The Ledge

I’ve known something was wrong with me since the age of 17. But, I had been having suspicions since I was 9. It was always little things, simple, tiny things.

The dead bird I brought to my mother.

The puppy I’d killed.

The kid I had locked in a locker.

Maybe they weren’t so little, but to me they were and that should have been a warning as well.

Accidents.

That’s what I called them. That’s what my family called. It’s what I believed they were. Stupid things I did because I was so young. In hindsight, my family should have done something. Anything would’ve been better than laughing it off.

But they did. So I did. But not completely.

When I had brought the dead bird to my mother, I remember the feeling of curiosity filling my body. I wondered at my mother’s reaction. Would she like it? Hate it? Be disgusted by it? Horrified?

I remember the feelng of self-disgust at the glee that coursed my body as she opened the shoebox. The disgust grew when all I could feel was utter disappointment when she just closed the box again, handed it to me, and said “Yes, you can bury it.”

I didn’t want to bury it. I had no intention of burying it. I had not mentioned that I was going to bury it. So why tell me this? She assumed that her good child had felt compassion towards the dead bird. How stupid.

Fast forward a few years and I’m sitting in a kitchen, eating a snack. The phone’s ringing. I tense, already knowing who it was before I heard the tearful voice on the other end.

Crying, pleading, and accusations fill my mother’s ears.

She hangs up the phone after a few minutes and turns towards me.

“Honey, I need to talk to you.”

“Mum, is it about Rex?”

“So you did do it.”

“I was just playing, I swear. I didn’t mean for it to happen.”

“You killed your grandma’s puppy.”

“I didn’t mean to” I repeated.

More talking and more explaining. Finally it ended with her hugging me, her voice thick with tears, whispering that she was glad that I hadn’t lied about it. Congratulating me for not trying to hide the dead puppy.
I know now that she should have been scared at that. Guilty kids hide the bad things they’ve done. Kids with a conscience are scared to admit and reveal they did wrong because they fear the punsishment they know they deserve. Normal kids do not leave their deeds in the open. They do not flaunt their deeds and they certainly do not confess with the ease I had had.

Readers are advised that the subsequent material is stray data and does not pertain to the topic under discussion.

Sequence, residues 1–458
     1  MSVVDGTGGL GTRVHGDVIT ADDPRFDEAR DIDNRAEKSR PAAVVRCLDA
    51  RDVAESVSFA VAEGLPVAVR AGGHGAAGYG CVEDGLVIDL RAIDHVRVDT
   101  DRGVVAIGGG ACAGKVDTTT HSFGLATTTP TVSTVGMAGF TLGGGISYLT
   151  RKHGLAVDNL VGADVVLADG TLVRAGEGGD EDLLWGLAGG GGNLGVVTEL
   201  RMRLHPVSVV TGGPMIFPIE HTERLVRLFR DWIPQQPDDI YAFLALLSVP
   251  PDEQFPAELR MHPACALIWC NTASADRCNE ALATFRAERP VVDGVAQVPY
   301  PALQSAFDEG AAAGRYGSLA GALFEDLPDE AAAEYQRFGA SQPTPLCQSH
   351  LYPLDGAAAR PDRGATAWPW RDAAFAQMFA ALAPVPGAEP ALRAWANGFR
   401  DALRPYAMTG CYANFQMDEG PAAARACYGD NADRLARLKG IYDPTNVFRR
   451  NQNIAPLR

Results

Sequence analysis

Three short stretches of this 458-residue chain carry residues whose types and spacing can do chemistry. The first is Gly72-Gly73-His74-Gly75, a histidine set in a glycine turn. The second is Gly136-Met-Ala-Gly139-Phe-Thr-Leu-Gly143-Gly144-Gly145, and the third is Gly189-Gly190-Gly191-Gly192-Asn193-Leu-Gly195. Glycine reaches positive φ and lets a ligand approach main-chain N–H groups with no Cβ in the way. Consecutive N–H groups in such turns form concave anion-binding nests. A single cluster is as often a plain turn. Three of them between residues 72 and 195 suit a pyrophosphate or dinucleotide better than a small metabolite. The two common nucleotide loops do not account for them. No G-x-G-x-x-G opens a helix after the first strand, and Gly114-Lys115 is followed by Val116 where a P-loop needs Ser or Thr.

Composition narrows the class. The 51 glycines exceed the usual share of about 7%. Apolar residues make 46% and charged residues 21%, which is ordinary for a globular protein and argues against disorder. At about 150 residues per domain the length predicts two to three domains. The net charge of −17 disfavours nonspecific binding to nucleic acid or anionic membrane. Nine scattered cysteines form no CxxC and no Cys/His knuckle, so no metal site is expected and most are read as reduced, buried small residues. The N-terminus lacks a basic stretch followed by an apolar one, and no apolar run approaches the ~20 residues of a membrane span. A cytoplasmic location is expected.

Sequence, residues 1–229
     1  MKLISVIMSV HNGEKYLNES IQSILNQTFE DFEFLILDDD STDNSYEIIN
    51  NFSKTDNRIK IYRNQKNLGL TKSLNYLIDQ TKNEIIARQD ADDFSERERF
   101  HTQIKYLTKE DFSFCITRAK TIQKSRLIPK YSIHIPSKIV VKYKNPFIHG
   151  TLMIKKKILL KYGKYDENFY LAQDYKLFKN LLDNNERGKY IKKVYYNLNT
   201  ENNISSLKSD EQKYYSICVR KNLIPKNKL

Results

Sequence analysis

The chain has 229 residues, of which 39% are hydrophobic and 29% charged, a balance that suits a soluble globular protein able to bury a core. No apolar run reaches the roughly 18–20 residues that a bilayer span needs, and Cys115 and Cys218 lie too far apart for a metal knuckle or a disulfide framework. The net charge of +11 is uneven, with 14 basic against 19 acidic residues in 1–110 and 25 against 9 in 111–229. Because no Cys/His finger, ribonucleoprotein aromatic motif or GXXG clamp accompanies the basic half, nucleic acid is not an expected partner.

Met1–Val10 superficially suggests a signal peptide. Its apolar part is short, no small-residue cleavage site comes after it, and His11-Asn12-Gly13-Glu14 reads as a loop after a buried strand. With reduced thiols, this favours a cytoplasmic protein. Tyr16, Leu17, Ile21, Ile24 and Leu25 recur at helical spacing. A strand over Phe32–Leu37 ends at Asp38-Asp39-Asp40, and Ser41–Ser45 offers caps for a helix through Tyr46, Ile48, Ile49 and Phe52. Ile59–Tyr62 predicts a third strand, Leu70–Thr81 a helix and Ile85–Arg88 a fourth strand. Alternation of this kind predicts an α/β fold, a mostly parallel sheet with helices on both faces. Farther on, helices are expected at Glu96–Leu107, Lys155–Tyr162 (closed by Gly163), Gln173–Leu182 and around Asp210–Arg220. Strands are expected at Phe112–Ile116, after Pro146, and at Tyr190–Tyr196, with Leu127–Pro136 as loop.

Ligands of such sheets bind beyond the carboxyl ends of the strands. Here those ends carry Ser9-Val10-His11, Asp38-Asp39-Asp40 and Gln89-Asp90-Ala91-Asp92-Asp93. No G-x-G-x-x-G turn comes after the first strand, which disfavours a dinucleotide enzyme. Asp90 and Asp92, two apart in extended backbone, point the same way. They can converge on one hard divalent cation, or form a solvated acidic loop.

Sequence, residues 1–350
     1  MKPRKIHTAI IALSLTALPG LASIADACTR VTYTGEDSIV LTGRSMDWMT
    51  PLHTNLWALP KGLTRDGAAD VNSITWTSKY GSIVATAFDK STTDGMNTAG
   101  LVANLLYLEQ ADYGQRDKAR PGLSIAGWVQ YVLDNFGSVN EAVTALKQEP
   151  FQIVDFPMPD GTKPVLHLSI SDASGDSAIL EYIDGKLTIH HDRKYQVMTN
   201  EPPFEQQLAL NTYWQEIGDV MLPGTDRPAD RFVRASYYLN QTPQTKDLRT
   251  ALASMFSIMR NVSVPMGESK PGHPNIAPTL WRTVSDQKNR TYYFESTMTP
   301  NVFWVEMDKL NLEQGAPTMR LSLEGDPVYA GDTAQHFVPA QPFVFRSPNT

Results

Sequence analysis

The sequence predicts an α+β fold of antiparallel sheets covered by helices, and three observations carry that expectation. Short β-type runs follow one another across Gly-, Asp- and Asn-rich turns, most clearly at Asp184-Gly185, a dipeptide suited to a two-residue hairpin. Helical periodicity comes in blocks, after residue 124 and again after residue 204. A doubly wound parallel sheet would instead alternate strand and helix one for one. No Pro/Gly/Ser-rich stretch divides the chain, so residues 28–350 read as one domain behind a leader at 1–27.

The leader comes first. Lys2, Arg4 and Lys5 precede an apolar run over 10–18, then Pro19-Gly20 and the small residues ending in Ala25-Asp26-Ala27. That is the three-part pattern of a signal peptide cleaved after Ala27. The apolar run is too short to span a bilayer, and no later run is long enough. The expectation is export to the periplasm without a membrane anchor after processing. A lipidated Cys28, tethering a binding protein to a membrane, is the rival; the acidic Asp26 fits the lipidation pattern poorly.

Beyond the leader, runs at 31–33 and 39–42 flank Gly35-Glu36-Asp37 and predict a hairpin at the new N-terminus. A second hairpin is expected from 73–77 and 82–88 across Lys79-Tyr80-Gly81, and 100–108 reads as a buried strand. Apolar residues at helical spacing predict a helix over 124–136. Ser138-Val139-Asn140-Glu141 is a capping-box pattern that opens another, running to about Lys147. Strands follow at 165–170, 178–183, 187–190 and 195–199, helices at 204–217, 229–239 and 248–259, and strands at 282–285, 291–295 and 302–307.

Good kids also did not shove other kids into lockers. They don’t. I winced remembering that. That’s a memory I didn’t want to recollect. The whiny squeals and fear filled cries were not something I needed swimming in my head right now. Not when it came to the most important decision of my life.

I vividly remember the incident at 17 where everything clicked together and fell into place.

My mother was crying. It was her birthday and we had messed up. I heard her sob and I saw the tears drip from her eyes. My dad looked over, obviously concerned, but unable to do anything as he was driving. My sister looked distressed and she was already straining her seat belt to get closer.

That’s the exact moment I knew. I was staring and I felt nothing. My mother was weeping and I felt absolutely nothing. No urge to make it better, no need to apologize or even wipe her tears. I felt nothing. And worse, I realized I felt no guilt for feeling nothing. Just a small twinge of fear. A itty bit of fear mixed with acceptance.

I morphed my face into a replication of my sister’s and leaned over stroking my mother’s greying hair.

“Shhh..shhh.. don’t cry mum. I love you.”

Had I always been doing this? From the start, had I always been just a big fake.

Yes, I had been. I had been pretending to care about things my whole life. Pretending to be empathetic. Sympathetic. Amything. I had been faking emotioms because I knew not having any was not acceptable. Was not normal.

I kept stroking my mother’s hair, shushing her tears, being the child she wanted me to be and not the person I was.

That was so long ago. I doubt my mother would even recognize me now. So many years of lying and pretending, yeah.. she’d never know it was me.

But that’s why he was here. That’s why he was sitting on this ledge, staring at the starry night and city laying before him.

They were closing in on him. Soon they’d make the connections and realize the man they were chasing was him. And he didn’t want to be around when that happened. Didn’t want to see how his mother would break.

I don’t have regrets. They were monsters. They deserved everything I did to them. I feel no guilt. I feel no disgust. Granted, I was a bit messy in handing out my judgements but still, there had been no emotions involved. And when it was all over, not even a single nightmare.

He laughed. Hard.

Yup, not normal.

Still…

He did not want to see his mother’s image of him tarnished forever. He had worked so long, so hard to keep it straight and perfect. She loved him and believed he loved her. Why did that have to be destroyed?

What a waste.

He sighed.

He has nothing left to live for.

Musing to himself, he realized he never had.

And that’s when he did what should’ve been done to him a long time ago.

He threw himself off the ledge.

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Posted on October 6, 2013, in My Writings, Short Stories and tagged , , , . Bookmark the permalink. 1 Comment.

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